When does a system, a civlization, a way of life, realize that it is on the way out. Was Rome in 409 cognizant of the fact? Constantinople in 1452? Europe in March 1914? Antebellum South in March 1861? The day before it happens, do they truly believe it will happen?

In John Christopher's book No Blade of Grass (A fabulous end of civilization novel from a British point a view) the two protagonists, having information few else have, that the end is imminent, are having a conversation in a pub:

" John let his gaze travel again beyond the open door of the inn. On the green on the other side of the road, a group of village boys were playing cricket. Their voices seemed to carry to the listener on shafts of sunlight.
'We're probably both being a bit alarmist' he said. 'It's a long cry from the news that Phase 5 is ou t and about to a prospect of a potatoe diet or famine and cannibalism. From the time the scientist really got to work on it, it only took three months to develop 717.'
'Yes,' Roger said, 'that's something that worries me too. Every government in the world is going to be comforting itself tonight with the same reassuring thoughts. The scientists have never failed us yet. We shall never really believe they will until they do.'
'When a thing has never failed before, it's not a bad presumption that it won't fail now.'
'No,' Roger said, 'I suppose not' He lifted his nearly empty glass. 'Look thy last on all things lovely every hour. A world without beer? Unimaginable. Drink up and let's have another.'"

Would those on the other side of civlization changing events be able to truly say that they knew the day it happened? Will we?

Tuesday, August 14, 2007

Marketing Skunks

Have you ever reached the point of great frustration, where you so badly want something to move forward, impatient that it will not?

I am slowly becoming like He Who Must Not Be Named (HWMNBN) at work. Many people remember him - he'd been there five + years, through some terrible times, had held things together on a string and a prayer for a place that had not really recognized him.

Near the end, it became apparent that HWMNBN had been there a bit too long - one of those things that can happen, and one wishes not to happen. He'd become cynical about the ability to move forward, known for his (correct) frustration at knowing how things were to be done, but being ignored, in some cases becoming confrontational to the point that it politically hurt him. He left, eventually, moving on to a place more in tune with him.

And now, it's me and it can't happen soon enough.

But the thing that kills is impatience, that need for immediate gratification that overcomes the need for patient, consistent effort. If I think too much, more and more I am reaching towards becoming frustrated because things don't seem to be changing - at least not quickly enough, and at least not in my favor.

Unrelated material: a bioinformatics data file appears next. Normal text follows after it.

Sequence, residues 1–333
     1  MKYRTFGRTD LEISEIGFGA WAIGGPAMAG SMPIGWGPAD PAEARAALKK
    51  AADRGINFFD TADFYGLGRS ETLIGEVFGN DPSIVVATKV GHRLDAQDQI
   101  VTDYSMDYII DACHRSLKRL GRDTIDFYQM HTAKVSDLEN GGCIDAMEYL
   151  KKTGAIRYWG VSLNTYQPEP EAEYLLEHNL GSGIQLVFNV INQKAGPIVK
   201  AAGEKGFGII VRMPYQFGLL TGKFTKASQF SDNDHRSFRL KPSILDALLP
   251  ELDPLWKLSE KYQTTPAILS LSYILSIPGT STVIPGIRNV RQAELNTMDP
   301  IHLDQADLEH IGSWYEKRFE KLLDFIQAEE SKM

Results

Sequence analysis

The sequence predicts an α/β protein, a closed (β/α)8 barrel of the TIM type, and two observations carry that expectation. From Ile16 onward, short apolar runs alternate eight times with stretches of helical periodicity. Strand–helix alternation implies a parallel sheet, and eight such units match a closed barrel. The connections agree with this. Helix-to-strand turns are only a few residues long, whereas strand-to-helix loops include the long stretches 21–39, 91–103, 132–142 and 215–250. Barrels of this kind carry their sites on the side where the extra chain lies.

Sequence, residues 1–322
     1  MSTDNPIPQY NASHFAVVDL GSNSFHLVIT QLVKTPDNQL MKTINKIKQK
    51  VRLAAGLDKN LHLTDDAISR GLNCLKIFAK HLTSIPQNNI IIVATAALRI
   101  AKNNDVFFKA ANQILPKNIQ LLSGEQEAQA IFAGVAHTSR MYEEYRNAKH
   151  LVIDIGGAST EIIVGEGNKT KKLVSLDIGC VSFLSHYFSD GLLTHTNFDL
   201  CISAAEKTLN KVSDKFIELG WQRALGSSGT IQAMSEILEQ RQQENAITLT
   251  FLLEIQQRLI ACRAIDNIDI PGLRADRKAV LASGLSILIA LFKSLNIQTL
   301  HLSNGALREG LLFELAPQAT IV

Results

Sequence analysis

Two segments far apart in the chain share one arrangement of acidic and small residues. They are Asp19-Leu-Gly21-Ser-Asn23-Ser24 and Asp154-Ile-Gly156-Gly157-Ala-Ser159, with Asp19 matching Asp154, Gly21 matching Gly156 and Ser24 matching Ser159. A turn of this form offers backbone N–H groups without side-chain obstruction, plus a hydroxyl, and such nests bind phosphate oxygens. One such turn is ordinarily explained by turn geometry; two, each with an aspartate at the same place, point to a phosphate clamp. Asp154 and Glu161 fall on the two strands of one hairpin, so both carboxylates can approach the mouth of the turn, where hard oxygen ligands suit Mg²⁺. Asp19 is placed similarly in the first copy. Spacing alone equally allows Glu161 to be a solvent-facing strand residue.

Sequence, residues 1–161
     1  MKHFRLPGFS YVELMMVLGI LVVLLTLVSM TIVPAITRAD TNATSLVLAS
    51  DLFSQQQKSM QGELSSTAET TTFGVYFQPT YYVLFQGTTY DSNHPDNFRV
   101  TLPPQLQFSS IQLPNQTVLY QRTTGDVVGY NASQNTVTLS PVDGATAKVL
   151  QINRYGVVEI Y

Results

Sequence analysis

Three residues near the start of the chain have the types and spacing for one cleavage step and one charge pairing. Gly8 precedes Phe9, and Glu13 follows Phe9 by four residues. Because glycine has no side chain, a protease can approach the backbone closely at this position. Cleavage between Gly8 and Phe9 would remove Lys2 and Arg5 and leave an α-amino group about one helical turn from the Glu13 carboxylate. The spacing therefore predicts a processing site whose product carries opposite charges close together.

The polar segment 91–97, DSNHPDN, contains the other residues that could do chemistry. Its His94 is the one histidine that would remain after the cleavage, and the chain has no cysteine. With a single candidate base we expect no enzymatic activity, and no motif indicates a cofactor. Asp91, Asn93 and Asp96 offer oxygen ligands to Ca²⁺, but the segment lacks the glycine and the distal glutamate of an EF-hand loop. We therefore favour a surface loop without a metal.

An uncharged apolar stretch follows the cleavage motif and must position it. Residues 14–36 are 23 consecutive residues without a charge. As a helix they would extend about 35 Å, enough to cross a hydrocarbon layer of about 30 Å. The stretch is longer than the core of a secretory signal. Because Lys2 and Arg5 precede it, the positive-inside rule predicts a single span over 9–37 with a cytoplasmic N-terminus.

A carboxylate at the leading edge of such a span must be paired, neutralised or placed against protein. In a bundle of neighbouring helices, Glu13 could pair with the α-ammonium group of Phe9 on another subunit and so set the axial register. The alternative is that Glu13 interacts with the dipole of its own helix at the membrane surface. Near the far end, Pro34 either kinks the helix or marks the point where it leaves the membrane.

Like marketing skunks: trying to sell something that looks and smells unappealing as some it is not.

Sunday, August 12, 2007

Time Management

I am a miserable time manager. I have more often than not been a poor manager of time - oh, for short periods of time I can motivate myself, but for long periods, I'm miserable.

And yet, time keeps slipping away.

Time to make a new commitment - to be a time miser. An interesting quote from Ingvar Kamprad, the founder of IDEA: "Time is your most important asset. Split your life into 10 minute units, and sacriifce as few as possible to meaningless activity."

Or Musashai, the Kensai of Japan, who said in Go Rin No Sho (A Book of Five Rings) "Do nothing that is useless."

This, of course, presumes goals, a second thing I have trouble setting, although I have been working harder on them.

My commitment to the blog: This week, to the greatest extent possible, I will divide my day in 10 minute increments. Let's see what happens.

Tuesday, August 07, 2007

Loving the Unlovable

I was confronted with a question today from Bogha-frois: how do you interact with someone who is essentially hostile to you and refuses to do what you ask them to?

I pondered a while, then suggested that when confronted by the individuals in question, you simply respond "I love you".

That's the great thing about giving advice - you so seldom have to take your own.

Is that how I respond? With love? In most instances, no. To my neighbor - literally my next door neighbor, as we move by and around each other in a sort of an agreed bubble of individualism? To the relatives whom I love, but don't really like sometimes - even when they try to engage me? To those at my work, when they challenge me or make my work difficult, let alone when they try to be "helpful"?

"But I say to you love love your enemies, bless those who curse you, do good to those who hate you, and pray for those who spitefully use and persecute you, that you may sons of your Father in heavean; for He makes His sun rise on the evil and on the good, and sends rain on the just and on the unjust. For if you love those who love you, what reward have you? Do not even the tax collectors do the same? And if you greet your brethern only, what more do you do than others? Do not even the tax collectors do so? Therefore you shall be perect, just as your Father in heaven is perfect." - Matthew 5: 43-48

Do I love like this?

Monday, August 06, 2007

The Blues

I woke up this morning and had the blues - that indefinable feeling of depression, of sadness, of something wrong that you can't define. It was overcast and foggy, to be sure, but the weather wasn't enough.

And then I realized midway through the day I was remembering.

Two years ago, I didn't have a job, and at that moment, didn't have a thought of where I was going to get a job. Yes, I had faith in God that He would supply a job, but no idea of where it would come from. When I look back now, this was about the time the realization that the business had failed really set in.